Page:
First, Shakespeare's theatrical world was very different from ours, and a lot more fluid. The plays were written quickly in order to get it up on its feet quickly to beat the competition. The words on the paper were not meant to be read; and if an actor felt like doing a little improv at a particular moment, why then all the better. (see Will Kempe) )We have found there are multiple versions of many of the plays. Hamlet has 3- Quarto 1 (the Bad Quarto). Quarto 2 (the Good Quarto), and the First Folio version.
The version in Quarto I is considerably shorter, some of the character names are different, and the speech" To be or not to be" is different and appears in a different place. Some think it's because it was written from the memory of an acting. Some current thinking is that it was a touring version.
Which would Shakespeare have preferred? We just don't know.
Modern directors have the option of picking and choosing; or doing a bit of conflating.
Kenneth Branagh chose to use some of each for his 1996 Hamlet movie making for a length of over 4 hours.
After Shakespeare's death in 1616, the remaining members of his company were a living memory of how the plays were performed. From the Restoration on,however, all bets were off. The next generation of poets/writers/editors had their way with the texts.
The following were some of the most .. .excessive..
Henrietta (1750 - 1830) and Thomas Bowdler (1754 -1825) - authors
Published the infamous expurgated version of Shakespeare's plays, called The
Family Shakespeare (Bowderlization became synonymous with censorship)
The Years Of IMPROVING SHAKESPEARE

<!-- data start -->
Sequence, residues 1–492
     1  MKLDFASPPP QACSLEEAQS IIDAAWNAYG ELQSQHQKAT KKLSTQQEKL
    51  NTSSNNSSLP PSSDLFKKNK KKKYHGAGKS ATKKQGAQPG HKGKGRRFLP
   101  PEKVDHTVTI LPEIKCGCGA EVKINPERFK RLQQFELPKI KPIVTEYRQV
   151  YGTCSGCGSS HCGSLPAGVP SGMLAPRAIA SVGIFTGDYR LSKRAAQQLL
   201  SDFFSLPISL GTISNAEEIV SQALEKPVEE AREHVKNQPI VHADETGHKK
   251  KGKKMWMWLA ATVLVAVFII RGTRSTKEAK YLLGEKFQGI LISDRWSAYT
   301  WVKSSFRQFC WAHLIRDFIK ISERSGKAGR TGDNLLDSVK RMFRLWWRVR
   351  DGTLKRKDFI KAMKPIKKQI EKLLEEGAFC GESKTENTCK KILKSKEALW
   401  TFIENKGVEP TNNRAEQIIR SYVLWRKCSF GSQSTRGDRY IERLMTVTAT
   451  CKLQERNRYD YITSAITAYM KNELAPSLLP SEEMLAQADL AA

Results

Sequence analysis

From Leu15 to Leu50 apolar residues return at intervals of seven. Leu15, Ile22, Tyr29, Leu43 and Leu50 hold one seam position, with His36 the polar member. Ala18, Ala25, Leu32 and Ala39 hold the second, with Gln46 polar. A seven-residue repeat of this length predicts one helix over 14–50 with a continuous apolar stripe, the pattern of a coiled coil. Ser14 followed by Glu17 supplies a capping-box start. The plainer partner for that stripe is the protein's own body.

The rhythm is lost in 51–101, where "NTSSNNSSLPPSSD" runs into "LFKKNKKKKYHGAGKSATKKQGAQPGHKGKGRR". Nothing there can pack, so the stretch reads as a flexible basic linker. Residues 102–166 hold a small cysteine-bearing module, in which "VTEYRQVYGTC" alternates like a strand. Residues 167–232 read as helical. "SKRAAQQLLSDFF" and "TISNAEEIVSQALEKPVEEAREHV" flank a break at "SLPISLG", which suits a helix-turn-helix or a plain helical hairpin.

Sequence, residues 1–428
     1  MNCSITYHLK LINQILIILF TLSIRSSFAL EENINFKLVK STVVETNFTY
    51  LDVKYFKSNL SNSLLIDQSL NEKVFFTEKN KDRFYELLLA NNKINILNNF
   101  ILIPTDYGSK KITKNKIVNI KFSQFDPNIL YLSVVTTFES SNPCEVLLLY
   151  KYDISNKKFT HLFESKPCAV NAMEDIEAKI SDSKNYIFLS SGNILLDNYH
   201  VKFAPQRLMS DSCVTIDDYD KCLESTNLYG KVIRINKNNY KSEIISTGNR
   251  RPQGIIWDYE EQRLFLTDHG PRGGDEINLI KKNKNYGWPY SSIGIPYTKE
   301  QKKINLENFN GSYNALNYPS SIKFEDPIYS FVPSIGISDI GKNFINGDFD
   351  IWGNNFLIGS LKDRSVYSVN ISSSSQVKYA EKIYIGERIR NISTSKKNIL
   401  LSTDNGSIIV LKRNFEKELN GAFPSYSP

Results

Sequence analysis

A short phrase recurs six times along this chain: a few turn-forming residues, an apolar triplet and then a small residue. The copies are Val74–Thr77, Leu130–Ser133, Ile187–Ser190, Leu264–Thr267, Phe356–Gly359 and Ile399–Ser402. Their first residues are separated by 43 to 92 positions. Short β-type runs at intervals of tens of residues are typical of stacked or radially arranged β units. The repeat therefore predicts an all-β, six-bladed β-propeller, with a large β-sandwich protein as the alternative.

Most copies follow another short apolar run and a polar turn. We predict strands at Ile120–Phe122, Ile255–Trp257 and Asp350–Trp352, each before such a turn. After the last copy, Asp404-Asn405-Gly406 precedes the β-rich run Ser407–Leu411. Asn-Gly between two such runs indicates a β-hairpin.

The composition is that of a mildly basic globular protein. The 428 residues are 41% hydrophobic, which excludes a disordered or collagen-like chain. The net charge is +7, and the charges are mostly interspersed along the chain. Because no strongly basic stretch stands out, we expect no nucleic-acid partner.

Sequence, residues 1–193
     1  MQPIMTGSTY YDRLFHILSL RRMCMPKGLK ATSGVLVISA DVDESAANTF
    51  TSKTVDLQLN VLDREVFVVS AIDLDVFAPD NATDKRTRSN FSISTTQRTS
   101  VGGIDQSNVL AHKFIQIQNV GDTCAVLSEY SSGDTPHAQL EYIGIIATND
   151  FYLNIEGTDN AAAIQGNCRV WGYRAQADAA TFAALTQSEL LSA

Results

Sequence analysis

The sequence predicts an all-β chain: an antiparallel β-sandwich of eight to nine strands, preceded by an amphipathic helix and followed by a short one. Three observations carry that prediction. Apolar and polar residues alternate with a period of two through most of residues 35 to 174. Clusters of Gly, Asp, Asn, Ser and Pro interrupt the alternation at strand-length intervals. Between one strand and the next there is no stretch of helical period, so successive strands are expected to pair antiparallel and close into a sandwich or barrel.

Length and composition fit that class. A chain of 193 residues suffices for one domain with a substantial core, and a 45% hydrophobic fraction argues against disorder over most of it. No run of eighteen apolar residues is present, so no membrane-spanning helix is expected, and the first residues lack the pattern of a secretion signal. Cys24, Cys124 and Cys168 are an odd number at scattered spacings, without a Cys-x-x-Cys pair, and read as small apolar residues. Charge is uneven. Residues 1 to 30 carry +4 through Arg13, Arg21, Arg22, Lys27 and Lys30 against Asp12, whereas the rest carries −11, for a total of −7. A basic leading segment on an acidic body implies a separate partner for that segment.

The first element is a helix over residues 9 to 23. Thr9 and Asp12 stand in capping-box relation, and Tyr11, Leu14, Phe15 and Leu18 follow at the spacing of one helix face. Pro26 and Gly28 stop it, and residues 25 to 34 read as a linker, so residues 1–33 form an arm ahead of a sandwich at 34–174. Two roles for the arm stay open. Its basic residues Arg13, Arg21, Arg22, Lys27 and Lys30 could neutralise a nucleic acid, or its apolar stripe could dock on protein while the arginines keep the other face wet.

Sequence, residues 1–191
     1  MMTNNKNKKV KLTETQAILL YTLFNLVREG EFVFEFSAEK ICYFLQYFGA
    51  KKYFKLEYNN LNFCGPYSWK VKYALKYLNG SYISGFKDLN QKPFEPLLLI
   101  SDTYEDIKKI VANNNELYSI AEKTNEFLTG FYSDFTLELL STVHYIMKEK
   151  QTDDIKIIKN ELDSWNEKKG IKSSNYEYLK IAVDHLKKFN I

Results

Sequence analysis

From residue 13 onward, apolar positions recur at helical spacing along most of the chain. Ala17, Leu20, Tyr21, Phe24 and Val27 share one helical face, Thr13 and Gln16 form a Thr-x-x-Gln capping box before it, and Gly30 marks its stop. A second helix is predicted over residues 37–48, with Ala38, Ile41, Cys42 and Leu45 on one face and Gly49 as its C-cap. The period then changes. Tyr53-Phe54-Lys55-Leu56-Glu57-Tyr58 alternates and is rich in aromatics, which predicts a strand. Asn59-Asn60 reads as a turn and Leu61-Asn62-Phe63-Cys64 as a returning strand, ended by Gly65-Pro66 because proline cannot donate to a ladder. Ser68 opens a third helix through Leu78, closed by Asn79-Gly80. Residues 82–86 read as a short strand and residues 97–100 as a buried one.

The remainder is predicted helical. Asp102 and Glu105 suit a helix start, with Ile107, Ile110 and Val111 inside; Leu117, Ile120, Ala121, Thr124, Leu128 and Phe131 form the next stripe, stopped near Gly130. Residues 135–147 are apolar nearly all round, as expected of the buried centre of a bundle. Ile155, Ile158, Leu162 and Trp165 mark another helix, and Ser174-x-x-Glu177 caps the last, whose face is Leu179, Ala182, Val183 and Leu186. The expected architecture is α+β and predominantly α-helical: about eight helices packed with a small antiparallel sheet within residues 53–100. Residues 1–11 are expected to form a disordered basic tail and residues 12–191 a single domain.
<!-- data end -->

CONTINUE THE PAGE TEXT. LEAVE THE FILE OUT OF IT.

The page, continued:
Nahum Tate (1653-1715) - poet
King Lear - put into modern English, cut the Fool. everyone lives, Cordelia and Edgar marry and rule.
William Davenant (1606-1668) - poet and playwright
The Law Against Lovers - Mash up of Measure of Measure and Much Ado About Nothing.
David Garrick (1717-1779 - actor/manager
"Fixed" Hamlet by taking out Gravedigger scene,, A Midsummer Night's Dream by removing the Mechanicals, and Macbeth by removing the Porter Scene and adding a death scene for Macbeth
It's easy to peruse the above examples and convince ourselves that we know how to successfully stage Shakespeare. And for the most part, it's true. Most of us in the theatre world agree that what Shakespeare wrote is special and we don't seek to make changes like our predecessors did.
The challenge is more subtle now. For the most part we believe that Shakespeare knew what he was doing with the characters and the structure of the story. It's the language upon which we stumble.
One common method to overcome this, is to add incredible sets, fancy lights and gorgeous costumes,
These are fine as long as they're not devices to divert rather than enrich.
Another method, is to set the production in an unusual location. Again fine, if by doing so will highlight something in the play.
A good usage of this was Richard Loncraine's Richard III, with Ian McKellan in the starring role.
The image of Hitler and the horrors unleashed by the Nazi Party are still fresh, and gave a deep understanding of what Richard was about.
The TEXT is the icing on the cake. Just as Lin-Manuel Miranda and Hamilton has launched musical theater into a different stratosphere by working with heightened text, Shakespeare brought theater out of the two dimensional zone and brought us into the heavens using heightened text. Not only are the word choices and arrangements unique, and the rhythms part of our heartbeat, but the very sounds of the words resonate within us and bring us, the audience, to a shared experience we will never forget. Shakespeare's language literally changes us.
Instead of making up for the text, I believe we should make it front and center. How?
- Have actors that can make the text sound like it was born in their mouths. Not an easy task.
- Minimize everything that can distract- the sets, the costumes, the lighting.
- Array the performance space so that the audience members are close to the stage. Proscenium spaces are the worst thing ever imposed up a Shakespeare play.
- Keep the pace swift.
- HONOR THE TEXT.
Don't water down the wine and the audience will get used to the taste and then even enjoy the nuances. Shakespeare is GOOD for you. (See last week's blogpost :-)